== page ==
“We review all reports we receive and address them as fully as the provided information allows, consistent with University policy and our ethic of restorative practices,” Anthony said in an email.
She added that anyone concerned about student behavior can report incidents on the office’s website. She encouraged students to combat harmful speech with their own speech in support of transparency and care for all community members.
“A challenge of social media is that people often use its anonymous features to hide their own identity while causing great harm,” Anthony said. “Research suggests that this harm is perpetrated disproportionately against women and other people who hold historically and currently marginalized identities. When online attacks decrease leadership diversity, our entire community is negatively impacted.”
Weber, the senior policy adviser, called the posts a “disingenuous” campaign targeted at Carpenter herself, rather than her policies.
“I know the extent to which she cares about this role and cares about students,” Weber said. “But to see that amount of pushback – no one deserves that.”
As the posts continued, Carpenter said she struggled to maintain composure in classes and go about her daily routine. She said she started wearing a mask outside and changed her wardrobe so people wouldn’t recognize her walking around campus.
“I’m a 21-year-old woman that can’t pull myself out of bed because I’m being cyberbullied,” she said. “That is, frankly, extremely concerning. And I’m very strong, and I have always been a very independent person and have not cared about what other people thought about me.”
On Feb. 9, the Instagram account @gwprotectsrapists, which had become a focal point for students’ recent criticisms of the Title IX Office, lambasted Carpenter, arguing that she was not doing enough to protect sexual assault survivors on campus. The post included a screenshot of the email Carpenter sent to the Title IX office and said Carpenter did not follow up with members of gwprotectsrapists.
“Hey Kate Carpenter, remember when you said gwprotectsrapists was your number one priority as SA VP but then sent one email to Asha Reynolds asking for a meeting and never followed up with us after asking for our numbers,” the post, which has since received more than 420 likes, read.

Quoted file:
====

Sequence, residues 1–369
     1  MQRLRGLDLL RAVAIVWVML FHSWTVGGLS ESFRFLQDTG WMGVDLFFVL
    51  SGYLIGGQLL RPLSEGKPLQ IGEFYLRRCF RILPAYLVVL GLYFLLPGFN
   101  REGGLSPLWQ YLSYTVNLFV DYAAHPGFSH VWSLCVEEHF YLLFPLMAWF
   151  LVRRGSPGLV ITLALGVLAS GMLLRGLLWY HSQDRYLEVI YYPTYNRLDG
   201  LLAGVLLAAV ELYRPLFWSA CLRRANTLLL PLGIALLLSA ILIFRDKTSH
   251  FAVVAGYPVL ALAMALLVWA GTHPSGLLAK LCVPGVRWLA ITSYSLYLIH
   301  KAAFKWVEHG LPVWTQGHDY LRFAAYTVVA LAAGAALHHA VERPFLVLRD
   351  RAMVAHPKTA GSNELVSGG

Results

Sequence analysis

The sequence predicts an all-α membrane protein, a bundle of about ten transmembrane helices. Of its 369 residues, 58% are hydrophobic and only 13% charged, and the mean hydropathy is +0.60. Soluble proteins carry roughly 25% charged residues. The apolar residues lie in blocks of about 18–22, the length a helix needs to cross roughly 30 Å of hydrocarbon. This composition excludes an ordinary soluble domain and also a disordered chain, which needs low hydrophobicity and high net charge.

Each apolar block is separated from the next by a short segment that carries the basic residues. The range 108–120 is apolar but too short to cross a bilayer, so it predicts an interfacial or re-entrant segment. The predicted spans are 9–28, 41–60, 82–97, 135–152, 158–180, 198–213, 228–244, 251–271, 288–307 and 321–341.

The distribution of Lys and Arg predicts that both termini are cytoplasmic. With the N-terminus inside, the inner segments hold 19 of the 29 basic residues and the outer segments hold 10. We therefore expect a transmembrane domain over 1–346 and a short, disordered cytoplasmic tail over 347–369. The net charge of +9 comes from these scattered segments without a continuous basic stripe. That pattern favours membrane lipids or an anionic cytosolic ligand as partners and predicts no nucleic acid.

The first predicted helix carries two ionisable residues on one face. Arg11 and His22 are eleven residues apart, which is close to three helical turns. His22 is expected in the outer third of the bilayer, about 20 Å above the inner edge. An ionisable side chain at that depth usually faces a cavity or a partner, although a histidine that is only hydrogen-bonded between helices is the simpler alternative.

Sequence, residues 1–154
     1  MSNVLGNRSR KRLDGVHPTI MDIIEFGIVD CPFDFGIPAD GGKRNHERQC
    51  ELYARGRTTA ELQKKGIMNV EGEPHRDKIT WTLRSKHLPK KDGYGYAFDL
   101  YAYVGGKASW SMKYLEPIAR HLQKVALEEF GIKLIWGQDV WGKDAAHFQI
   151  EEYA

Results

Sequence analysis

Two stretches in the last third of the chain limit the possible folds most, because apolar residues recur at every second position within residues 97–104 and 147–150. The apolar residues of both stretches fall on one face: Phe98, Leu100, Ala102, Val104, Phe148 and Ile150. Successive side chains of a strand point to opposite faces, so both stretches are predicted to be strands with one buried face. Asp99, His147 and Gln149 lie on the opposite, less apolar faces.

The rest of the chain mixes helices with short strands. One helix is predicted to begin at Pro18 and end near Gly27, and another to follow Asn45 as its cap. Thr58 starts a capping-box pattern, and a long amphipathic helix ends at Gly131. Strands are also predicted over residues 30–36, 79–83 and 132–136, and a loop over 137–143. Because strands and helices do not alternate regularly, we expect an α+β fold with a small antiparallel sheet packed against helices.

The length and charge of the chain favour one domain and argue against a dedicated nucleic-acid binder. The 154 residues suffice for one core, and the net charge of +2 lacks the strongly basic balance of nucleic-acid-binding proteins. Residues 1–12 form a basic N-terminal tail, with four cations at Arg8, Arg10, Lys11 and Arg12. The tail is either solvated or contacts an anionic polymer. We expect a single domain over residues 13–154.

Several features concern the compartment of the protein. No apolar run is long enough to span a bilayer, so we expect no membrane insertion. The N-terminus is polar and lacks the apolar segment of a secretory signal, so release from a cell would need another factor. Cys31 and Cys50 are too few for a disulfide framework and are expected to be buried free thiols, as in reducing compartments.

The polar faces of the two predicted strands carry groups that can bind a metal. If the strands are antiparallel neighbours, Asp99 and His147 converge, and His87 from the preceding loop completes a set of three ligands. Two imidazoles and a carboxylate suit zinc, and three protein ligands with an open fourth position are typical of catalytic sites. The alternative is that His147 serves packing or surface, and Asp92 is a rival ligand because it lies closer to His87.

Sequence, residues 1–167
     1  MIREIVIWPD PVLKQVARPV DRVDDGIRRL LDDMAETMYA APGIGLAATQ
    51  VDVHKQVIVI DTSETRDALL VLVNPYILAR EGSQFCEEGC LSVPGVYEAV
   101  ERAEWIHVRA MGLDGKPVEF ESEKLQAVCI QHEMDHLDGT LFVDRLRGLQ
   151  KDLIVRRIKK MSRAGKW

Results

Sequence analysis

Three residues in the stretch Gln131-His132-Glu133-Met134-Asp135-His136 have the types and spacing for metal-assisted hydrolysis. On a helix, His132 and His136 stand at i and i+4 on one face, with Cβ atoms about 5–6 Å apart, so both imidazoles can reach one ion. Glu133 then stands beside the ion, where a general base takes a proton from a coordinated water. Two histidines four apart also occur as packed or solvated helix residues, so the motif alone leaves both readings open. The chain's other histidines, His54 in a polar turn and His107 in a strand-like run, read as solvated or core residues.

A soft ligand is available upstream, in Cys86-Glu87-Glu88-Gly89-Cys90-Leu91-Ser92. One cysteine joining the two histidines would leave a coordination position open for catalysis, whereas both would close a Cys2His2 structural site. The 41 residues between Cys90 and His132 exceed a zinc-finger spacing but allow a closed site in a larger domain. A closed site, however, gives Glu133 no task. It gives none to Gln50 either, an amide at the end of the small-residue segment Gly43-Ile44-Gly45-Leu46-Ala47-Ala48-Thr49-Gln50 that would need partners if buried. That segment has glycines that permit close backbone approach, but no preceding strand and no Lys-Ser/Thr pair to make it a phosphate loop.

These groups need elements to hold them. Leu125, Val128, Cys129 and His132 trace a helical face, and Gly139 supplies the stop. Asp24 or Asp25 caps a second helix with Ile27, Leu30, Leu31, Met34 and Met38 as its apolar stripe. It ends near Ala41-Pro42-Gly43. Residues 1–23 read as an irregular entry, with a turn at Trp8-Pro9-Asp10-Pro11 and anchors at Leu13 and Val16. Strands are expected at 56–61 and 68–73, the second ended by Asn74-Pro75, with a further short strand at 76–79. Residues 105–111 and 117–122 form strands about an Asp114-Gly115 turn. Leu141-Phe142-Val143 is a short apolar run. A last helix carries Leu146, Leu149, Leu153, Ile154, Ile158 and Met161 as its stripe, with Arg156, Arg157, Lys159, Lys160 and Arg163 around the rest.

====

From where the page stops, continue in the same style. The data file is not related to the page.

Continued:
The account owner did not respond to an Instagram direct message requesting comment.
Carpenter said she began changing her mind about running on Feb. 10 and made a final decision the following Wednesday.
Carpenter said she considered temporarily leaving her classes to travel home but decided against it so she could still attend President’s Weekend Palooza, which she had been planning for months. The four-day series of events included a student organization banner contest and blood drive.
Junior Chris Johnson, Carpenter’s chief of staff, said the “constant” posts took a toll on Carpenter, which ultimately led to her decision that running for president was “not worth it.” He said the executive team kept track of the posts and checked in with Carpenter as the posts become more frequent.
“I feel like as chief of staff, I’m supposed to be like, ‘How can I fix this?’” Johnson said. “And to be honest, it’s a lot out there and there’s not much you can do, so it was just more information gathering.”
Carpenter acknowledged “shortcomings” during her tenure but said many posts claiming she was making decisions in pursuit of an SA presidential campaign came after she decided against running, adding that the posts often attributed blame to her for actions she couldn’t control.
“I do believe that I was held to an unfair standard of every action that every single person in the SA took,” she said. “And that’s something that one woman cannot do nor be in charge of.”
Junior David Lee, Carpenter’s deputy chief of staff, called the posts “horrendous.” He said tracking the posts became a constant part of his role.
“Seeing her in so much pain, it’s the first time where it was visible,” Lee said.
Despite recent weeks, Carpenter said she did not regret running for vice president.
“But when I was broken that much to the point where I was going to fly home, something had to change,” she said.